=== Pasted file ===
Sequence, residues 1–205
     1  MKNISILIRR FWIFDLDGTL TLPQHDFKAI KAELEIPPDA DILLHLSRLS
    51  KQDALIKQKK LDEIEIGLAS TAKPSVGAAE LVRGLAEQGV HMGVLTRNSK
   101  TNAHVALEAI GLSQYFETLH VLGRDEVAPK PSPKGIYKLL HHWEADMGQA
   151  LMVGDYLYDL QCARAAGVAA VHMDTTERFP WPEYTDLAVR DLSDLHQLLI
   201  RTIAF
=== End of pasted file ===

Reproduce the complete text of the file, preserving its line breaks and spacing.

Sequence, residues 1–205
     1  MKNISILIRR FWIFDLDGTL TLPQHDFKAI KAELEIPPDA DILLHLSRLS
    51  KQDALIKQKK LDEIEIGLAS TAKPSVGAAE LVRGLAEQGV HMGVLTRNSK
   101  TNAHVALEAI GLSQYFETLH VLGRDEVAPK PSPKGIYKLL HHWEADMGQA
   151  LMVGDYLYDL QCARAAGVAA VHMDTTERFP WPEYTDLAVR DLSDLHQLLI
   201  RTIAF